This example shows how to tune hyperparameters of a classification support vector machine (SVM) model by using hyperparameter optimization in the Classification Learner app. Compare the test set performance of the trained optimizable SVM to that of the best-performing preset SVM model.
In the MATLAB® Command Window, load the
ionosphere data set,
and create a table containing the data. Separate the table into training and
load ionosphere tbl = array2table(X); tbl.Y = Y; rng('default') % For reproducibility of the data split partition = cvpartition(Y,'Holdout',0.15); idxTrain = training(partition); % Indices for the training set tblTrain = tbl(idxTrain,:); tblTest = tbl(~idxTrain,:);
Open Classification Learner. Click the Apps tab, and then click the arrow at the right of the Apps section to open the apps gallery. In the Machine Learning and Deep Learning group, click Classification Learner.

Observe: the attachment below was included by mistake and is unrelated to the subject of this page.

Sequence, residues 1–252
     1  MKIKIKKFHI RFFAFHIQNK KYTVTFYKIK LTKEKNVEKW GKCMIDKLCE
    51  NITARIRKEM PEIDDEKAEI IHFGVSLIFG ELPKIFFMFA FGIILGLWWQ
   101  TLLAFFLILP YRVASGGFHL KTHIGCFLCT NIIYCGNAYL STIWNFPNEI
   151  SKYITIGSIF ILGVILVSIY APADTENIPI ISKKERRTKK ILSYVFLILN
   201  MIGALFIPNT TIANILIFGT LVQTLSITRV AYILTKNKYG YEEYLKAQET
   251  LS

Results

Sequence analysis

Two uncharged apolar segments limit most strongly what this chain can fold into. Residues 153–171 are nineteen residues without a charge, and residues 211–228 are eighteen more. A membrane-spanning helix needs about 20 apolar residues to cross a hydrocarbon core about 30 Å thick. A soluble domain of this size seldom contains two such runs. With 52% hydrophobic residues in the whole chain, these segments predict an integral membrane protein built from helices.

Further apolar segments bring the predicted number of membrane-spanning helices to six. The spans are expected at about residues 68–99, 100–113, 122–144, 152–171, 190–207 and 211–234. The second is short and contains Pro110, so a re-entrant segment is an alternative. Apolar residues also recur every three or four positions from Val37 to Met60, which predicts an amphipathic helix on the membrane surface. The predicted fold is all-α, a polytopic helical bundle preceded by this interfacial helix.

On the Classification Learner tab, in the File section, select New Session > From Workspace.
In the New Session from Workspace dialog box, select the
tblTrain table from the Data Set
As shown in the dialog box, the app selects the response and predictor
variables. The default response variable is
default validation option is 5-fold cross-validation, to protect against
overfitting. For this example, do not change the default settings.
To accept the default options and continue, click Start Session.